Reception[edit]

Tooth and Tail reviews
Aggregate score
AggregatorScore
MetacriticPC: 80/100[24]
PS4: 78/100[25]
Review scores
PublicationScore
Destructoid9.5/10[6]
GameSpot8/10[4]
Hardcore Gamer4/5[26]
Eurogamer Italy9/10[27]
AusGamers8.1/10[28]
Awards
PublicationAward
Intel Level Up 2016Best Character Design[29]
Media Indie ExchangeGuest's Pick (tied)[30]

Pre-release[edit]

Prior to Tooth and Tail's release, the game received substantial media coverage because of the development process being made public[31] and the release of alpha play tests.[32] Many writers compared Tooth and Tail to the novels Animal Farm and Redwall.[33][32][34][35] Reviewers including Adam Smith of Rock, Paper, Shotgun, Kyle LeClair of Hardcore Gamer and Tom Marks of PC Gamer praised the game for redesigning the concept of the real-time strategy genre.[32][34][35] In March 2017, Marks described the single player campaign as being similar to "a bite-sized StarCraft campaign."[32] The art style was also praised prior to release.[32][33]

Post-release[edit]

Tooth and Tail was released to positive reviews from critics, garnering "generally favorable reviews" on both PC and PS4 according to review aggregator website Metacritic.[24][25]

Critics, such as Eric Van Allen of Kotaku,[36] praised the game's ability to be inviting to newcomers to the real-time strategy genre while also appealing to veterans. Because of this, IGN listed it as a "game you might have missed" in September 2017.[37] Davide Pessach of Eurogamer Italy recommended the game to everyone because of its many hours of fun.[27] Patrick Hancock of Destructoid listed Tooth and Tail on his personal Game of the Year (GOTY) list, saying he would recommend it to anyone, including those who dislike real-time strategy games.[38] Polygon writer Charlie Hall compared the game to StarCraft and wrote "the initial learning curve right now is simply too steep for most players".[39] Brendan Caldwell of Rock, Paper, Shotgun concurred, saying "a tough mission [can] come along and take a chunk out of your enjoyment".[40]

The gameplay mechanics of multiplayer matches, such as the length and controls, received mostly positive reception. Hall wrote that while the game's single-player mode may be poorly balanced, the multiplayer mode is where the game excels.[39] In Hancock's GOTY list, he noted the game would have appeared on it had it been a single-player game with the multiplayer mode as "a cherry on top".[38] Hall said that because matches last around ten minutes, he found himself saying "just one more [match]".[39] He said while the controls were good for newcomers, they have the potential to dissuade strategy veterans because of the inability to directly control certain units.[39]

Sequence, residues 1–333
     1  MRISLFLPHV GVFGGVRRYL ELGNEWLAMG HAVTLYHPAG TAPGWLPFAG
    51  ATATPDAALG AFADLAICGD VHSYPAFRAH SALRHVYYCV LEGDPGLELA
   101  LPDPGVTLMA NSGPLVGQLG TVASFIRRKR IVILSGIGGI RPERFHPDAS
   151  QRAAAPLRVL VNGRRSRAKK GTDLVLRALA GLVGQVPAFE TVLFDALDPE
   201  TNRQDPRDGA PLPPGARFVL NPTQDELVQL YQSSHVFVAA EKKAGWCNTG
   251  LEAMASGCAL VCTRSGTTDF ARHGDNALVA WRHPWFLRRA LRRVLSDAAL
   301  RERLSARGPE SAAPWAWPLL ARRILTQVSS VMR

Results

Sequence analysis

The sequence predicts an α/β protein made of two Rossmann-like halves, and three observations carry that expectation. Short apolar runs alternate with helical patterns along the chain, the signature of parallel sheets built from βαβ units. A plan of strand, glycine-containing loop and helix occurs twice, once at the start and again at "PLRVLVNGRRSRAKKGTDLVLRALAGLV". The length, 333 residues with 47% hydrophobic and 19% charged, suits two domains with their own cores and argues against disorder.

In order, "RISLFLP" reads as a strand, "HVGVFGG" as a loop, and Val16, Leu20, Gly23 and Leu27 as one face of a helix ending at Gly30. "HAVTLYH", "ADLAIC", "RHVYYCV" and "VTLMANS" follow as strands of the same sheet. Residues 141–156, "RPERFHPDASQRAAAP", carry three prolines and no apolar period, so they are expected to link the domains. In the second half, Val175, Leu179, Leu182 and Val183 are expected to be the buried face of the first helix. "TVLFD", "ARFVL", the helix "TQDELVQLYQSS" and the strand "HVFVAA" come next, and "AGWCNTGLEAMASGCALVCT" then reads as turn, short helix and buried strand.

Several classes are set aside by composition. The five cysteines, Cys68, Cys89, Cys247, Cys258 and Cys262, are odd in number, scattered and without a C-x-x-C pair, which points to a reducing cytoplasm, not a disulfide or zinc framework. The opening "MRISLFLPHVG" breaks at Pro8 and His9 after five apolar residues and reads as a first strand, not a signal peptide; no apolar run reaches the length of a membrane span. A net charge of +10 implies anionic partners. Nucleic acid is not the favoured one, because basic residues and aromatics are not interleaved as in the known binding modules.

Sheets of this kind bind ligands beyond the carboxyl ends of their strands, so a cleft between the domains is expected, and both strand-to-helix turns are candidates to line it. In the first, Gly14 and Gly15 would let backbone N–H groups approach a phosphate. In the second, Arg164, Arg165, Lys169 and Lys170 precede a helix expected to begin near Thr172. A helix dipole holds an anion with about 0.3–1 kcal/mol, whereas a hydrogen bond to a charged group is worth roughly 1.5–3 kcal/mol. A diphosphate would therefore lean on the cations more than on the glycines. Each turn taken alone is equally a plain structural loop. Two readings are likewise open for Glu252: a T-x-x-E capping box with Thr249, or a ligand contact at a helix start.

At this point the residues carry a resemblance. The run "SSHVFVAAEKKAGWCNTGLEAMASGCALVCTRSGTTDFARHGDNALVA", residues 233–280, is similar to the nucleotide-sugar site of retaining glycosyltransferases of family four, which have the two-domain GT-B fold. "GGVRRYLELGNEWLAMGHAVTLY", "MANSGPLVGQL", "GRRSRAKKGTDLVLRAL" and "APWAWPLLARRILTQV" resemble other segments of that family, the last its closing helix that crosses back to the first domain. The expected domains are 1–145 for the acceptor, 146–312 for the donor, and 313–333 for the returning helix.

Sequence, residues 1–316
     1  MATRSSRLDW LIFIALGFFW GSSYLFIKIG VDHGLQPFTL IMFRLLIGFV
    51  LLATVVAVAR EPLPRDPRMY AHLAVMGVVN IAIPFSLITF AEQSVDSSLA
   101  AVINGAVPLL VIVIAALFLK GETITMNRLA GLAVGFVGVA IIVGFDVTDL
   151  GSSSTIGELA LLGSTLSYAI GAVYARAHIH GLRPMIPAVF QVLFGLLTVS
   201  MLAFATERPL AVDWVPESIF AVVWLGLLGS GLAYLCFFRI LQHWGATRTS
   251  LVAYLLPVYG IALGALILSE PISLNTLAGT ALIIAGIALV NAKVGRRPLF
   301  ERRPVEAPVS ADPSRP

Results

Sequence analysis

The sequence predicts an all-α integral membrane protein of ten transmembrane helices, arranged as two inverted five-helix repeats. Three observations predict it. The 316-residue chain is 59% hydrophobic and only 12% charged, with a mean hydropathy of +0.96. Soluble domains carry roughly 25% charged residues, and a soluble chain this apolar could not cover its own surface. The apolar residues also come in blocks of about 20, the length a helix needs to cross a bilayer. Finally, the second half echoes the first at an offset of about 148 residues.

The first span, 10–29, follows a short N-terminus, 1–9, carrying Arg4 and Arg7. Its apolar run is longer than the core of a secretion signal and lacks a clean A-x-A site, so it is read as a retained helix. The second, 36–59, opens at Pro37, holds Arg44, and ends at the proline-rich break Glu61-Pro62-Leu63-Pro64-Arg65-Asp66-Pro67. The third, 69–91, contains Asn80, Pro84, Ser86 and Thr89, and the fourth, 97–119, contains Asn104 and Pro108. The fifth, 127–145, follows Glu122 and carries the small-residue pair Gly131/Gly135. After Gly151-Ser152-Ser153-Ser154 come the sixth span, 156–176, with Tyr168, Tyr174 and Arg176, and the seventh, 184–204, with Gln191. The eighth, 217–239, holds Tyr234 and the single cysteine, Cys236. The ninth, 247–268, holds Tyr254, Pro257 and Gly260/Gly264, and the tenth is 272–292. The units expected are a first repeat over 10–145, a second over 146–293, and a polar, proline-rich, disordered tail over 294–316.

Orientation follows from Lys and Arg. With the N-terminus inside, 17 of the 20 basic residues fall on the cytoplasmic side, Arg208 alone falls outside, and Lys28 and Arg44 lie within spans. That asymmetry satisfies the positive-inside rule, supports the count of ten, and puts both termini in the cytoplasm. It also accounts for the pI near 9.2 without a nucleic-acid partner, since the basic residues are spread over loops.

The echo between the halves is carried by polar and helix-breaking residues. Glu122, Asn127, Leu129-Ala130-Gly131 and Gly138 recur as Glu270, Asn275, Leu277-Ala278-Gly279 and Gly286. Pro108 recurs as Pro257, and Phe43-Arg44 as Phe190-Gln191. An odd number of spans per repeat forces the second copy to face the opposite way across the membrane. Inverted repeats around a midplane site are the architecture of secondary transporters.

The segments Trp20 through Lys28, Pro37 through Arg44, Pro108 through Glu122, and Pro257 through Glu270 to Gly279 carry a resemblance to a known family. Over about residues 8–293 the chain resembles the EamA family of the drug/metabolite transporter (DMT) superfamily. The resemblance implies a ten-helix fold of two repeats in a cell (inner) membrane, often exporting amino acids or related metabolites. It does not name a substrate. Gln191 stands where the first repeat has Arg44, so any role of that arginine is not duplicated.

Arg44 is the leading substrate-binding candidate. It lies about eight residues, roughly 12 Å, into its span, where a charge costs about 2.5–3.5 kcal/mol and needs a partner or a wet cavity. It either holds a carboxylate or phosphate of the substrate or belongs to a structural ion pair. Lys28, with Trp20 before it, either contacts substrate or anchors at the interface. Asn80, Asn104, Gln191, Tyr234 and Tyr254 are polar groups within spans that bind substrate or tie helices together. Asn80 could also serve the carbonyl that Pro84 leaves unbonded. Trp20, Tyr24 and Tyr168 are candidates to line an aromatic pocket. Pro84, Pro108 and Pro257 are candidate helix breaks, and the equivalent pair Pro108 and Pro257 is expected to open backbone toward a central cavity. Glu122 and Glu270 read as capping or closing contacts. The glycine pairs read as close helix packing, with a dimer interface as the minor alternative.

Tooth and Tail's art style, soundtrack, and audio received positive reactions from critics.[41] Chloi Rad at IGN wrote that because of the combination of these elements, it was an "arcade-like strategy game experience like no other this year".[37] Kotaku's Alex Walker praised Pocketwatch Games for their ability to create "truly, truly beautiful" artwork without spending "millions of dollars teams of artists".[42] AusGamers's Kosta Andreadis considered the art, while not the most impressive of 2017, subtle and pleasing in its presentation. He praised the ability of the animation to change intensities depending on the setting. Andreadis also commented on the audio, believing it added to the experience.[28] Hancock commented on the similarities between the soundtracks of Monaco's and Tooth and Tail; both of which were composed by Austin Wintory. The main similarities he noted were the fast-paced tracks during battle sequences and the use of slower tracks during less-intense moments to imply a "revolutionary feel". He concluded by commending the accomplishment of matching the soundtrack with the game's theme.[6]

Awards and accolades[edit]

Tooth and Tail won the award for "Best Character Design" at Intel Level Up 2016[29] and tied with Giant Cop for the 2016 Media Indie Exchange's Guest's Pick.[30] It was also nominated for "Gamer's Voice (Multiplayer)" at the 2017 SXSW Gamer's Voice Awards.[43] The game was nominated for "Best Strategy Game" three times; once at The Game Awards 2017,[44] once at PC Gamer's 2017 Game of the Year Awards,[45] and once at IGN's Best of 2017 Awards.[46] PC Gamer included Tooth and Tail on the list of the best game music of 2017.[47] The game was nominated for the "Excellence in Narrative" award at the 2018 Independent Games Festival,[48][49] and for "2017 ASCAP Video Game Score of the Year" at the ASCAP Composers' Choice Awards.[50][51]

References[edit]

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External links[edit]